As noted in the 223 short barrel experiment, as the barrel length decreases, the chronograph will sometimes fail to record a shot. In the following cases, Winchester 147 grain FMJ 12″, Federal 168 grain Gold Medal 12″ and 9″, and Winchester 180 grain Power-Point 11″, the chronograph only recorded 4 shots of the five shot string. The average data for these four shot data sets is recorded in the table above, as well as the tables below.
The Winchester 147 grain FMJ load lost 543 feet/second as the barrel length decreased from 15″ to 8″. This was an average decrease of 77.6 feet/second per inch of barrel length. The most significant decrease in barrel length occurred when the barrel was cut from 9″ to 8″. This resulted in a velocity loss of 118 feet/second.
The IMI 150 grain FMJ 7.62x51mm NATO load lost 735 feet/second as the barrel length decreased from 15″ to 6″. This was an average decrease of 81.7 feet/second per inch of barrel length. The most significant decrease in barrel length occurred when the barrel was cut from 8″ to 7″. This resulted in a velocity loss of 137 feet/second.
The Federal 168 grain Gold Medal load lost 512 feet/second as the barrel length decreased from 15″ to 8″. This was an average decrease of 73.1 feet/second per inch of barrel length. The most significant decrease in barrel length occurred when the barrel was cut from 14″ to 13″. This resulted in a velocity loss of 106 feet/second.
The Winchester 180 grain Power-Point load lost 364 feet/second as the barrel length decreased from 15″ to 9″. This was an average decrease of 60.7 feet/second per inch of barrel length. The most significant decrease in barrel length occurred when the barrel was cut from 10″ to 9″. This resulted in a velocity loss of 94 feet/second.
What did you learn?
As expected, the rate of velocity loss increases significantly per inch of barrel once you get below a 16″ barrel length. Compare the above rates of loss to those found in 308 Winchester / 7.62x51mm NATO: Barrel Length versus Velocity (28″ to 16.5″), where the Winchester 147 grain FMJ averaged 24.6 feet/second per inch of barrel, IMI 150 grain FMJ averaged 22.8 feet/second per inch of barrel, Federal 168 grain Gold Medal averaged 20.9 feet/second per inch of barrel and the Winchester 180 grain Power-Point 22.5 feet/second per inch of barrel.
Do you see any use for a 10″ 308 Winchester?
No, personally, it seems like a silly idea to me. Based on my limited experience with the 330 BLK and 7.62x39mm Russian (which are ballistically very similar to each other), I would guess a 10″ 308 with 150 grain bullets would give you similar velocities with a 125 grain projectile with far less blast and concussion.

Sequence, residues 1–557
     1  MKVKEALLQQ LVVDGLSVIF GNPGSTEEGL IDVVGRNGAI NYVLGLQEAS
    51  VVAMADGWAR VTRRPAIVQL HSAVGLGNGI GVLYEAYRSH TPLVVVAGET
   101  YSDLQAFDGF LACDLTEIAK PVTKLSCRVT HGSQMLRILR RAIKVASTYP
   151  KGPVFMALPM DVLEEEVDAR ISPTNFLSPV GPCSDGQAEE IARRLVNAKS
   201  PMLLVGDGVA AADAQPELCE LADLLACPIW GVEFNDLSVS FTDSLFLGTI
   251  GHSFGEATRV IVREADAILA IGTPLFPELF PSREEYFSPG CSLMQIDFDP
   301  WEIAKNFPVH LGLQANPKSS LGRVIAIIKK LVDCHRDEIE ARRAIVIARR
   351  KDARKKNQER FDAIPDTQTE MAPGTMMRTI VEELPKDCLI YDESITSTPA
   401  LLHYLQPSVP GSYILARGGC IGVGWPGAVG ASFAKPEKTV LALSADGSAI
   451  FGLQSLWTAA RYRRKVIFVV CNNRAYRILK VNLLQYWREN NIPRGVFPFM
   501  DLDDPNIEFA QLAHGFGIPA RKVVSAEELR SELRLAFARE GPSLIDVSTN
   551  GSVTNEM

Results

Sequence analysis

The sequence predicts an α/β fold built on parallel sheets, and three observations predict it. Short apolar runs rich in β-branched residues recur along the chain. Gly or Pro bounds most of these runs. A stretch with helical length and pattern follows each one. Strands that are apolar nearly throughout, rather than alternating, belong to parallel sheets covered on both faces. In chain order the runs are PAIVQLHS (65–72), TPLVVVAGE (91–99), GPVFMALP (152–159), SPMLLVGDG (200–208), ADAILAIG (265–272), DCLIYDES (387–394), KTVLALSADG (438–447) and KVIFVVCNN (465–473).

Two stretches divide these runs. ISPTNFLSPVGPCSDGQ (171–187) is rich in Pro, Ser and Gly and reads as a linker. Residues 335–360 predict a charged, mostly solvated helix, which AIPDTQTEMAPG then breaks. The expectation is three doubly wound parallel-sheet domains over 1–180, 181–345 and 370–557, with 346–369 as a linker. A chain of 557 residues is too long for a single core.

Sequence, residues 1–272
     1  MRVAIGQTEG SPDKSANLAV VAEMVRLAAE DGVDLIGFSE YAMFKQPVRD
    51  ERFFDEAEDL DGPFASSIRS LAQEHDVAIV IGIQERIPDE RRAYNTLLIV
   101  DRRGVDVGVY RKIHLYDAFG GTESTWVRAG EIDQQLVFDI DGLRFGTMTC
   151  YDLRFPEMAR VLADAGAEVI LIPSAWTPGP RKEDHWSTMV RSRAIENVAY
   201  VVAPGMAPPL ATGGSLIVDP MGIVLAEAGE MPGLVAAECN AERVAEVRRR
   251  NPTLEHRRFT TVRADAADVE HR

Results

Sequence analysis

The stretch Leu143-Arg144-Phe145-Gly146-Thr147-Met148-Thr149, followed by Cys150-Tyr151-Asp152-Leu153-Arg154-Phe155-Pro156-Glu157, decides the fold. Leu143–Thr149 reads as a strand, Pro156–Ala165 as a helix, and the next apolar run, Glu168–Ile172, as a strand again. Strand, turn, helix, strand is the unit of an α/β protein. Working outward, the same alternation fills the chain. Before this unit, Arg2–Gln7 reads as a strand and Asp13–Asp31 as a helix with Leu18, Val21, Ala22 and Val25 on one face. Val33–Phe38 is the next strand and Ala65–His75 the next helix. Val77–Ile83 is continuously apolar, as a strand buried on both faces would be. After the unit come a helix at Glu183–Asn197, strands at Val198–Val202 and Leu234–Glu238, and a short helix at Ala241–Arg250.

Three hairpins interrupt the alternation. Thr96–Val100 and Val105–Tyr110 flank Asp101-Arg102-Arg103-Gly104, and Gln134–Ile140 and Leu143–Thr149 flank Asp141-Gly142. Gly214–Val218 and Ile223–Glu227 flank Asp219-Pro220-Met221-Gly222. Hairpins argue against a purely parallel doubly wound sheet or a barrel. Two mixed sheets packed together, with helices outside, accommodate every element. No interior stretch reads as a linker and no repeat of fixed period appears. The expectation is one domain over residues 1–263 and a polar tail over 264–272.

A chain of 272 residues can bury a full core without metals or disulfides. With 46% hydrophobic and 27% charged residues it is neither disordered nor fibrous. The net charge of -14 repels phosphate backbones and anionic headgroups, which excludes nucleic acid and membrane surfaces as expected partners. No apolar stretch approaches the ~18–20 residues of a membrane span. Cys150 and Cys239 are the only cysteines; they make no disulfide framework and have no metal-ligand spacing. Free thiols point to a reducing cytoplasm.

What are possible sources of error in your experiment?
The small sample size is always an issue. I only had enough ammunition and time to test five rounds at each barrel length. Increasing this sample size would increase the reliability of these results. For more on sample size, see the discussion here.
Did it really hurt to shoot a short 308 pistol?
Yes, it did. I’ve shot a lot of different firearms in my life and this wasn’t pleasant. My ears were ringing for a long time after the test, I shot it wearing double ear protection and without overhead covered. It was LOUD.
The brand new, factory AI AICS magazine also flew apart as few times. I actually had this happen on two different mags. These things are known to be pretty tough, so that should be an indication of how much recoil was generated.
The muzzle blast from the short barrel eroded away some of the chassis!
Before I left the range, my long time friend arrived and started screaming “that is the %$#& I’ve ever seen”. I offered to let him shoot it. He declined. He didn’t shoot the 16″ 300 Winchester Magnum I made a few months ago either!
Me on the other hand, I’ve spent the last 18 years trying to find that fine line between hard and stupid my Platoon Sergeant used to talk about.
What do you think of the MDT LSS chassis?
I like it a lot. Super easy to install and remove the action from the stock. Good ergonomics, and a great value for the money. Please see Modular Driven Technologies (MDT) LSS Chassis Review. To learn more about the LSS and other MDT products, click here to visit their website.
Is the file picture at the top of the page real, or photoshopped?
100% real. I used my iPhone to record a couple shots being fired in slow motion. Out of the 4 recording I made, only two frames contained muzzle flash. This was the best one. In the next frame you can see the gun recoiling (below).
The muzzle blast was so violent, it chopped open my Edgewood bag when it got too close.
How did the Sako extractor work?
Flawlessly. I had 100% extraction during the course of this experiment.
How did the Timney 510 trigger work?
Very well. I’ve been beating on the 510 and 517 for a while. No complaints, no problems. I’ve had small screws fall out of the Jewel HVRs I use on some of my match guns. These seem much more durable over the long run.
Do you trust the results from the MagnetoSpeed?
Yes, I do. I leave my Oelher 35P in the truck now. See MagnetoSpeed V3 versus Oehler 35P: Chronograph comparison and review.
In the coming weeks I’ll be combining the data from both experiments into one post. When that happens I’ll post a link there. Until then, stay safe.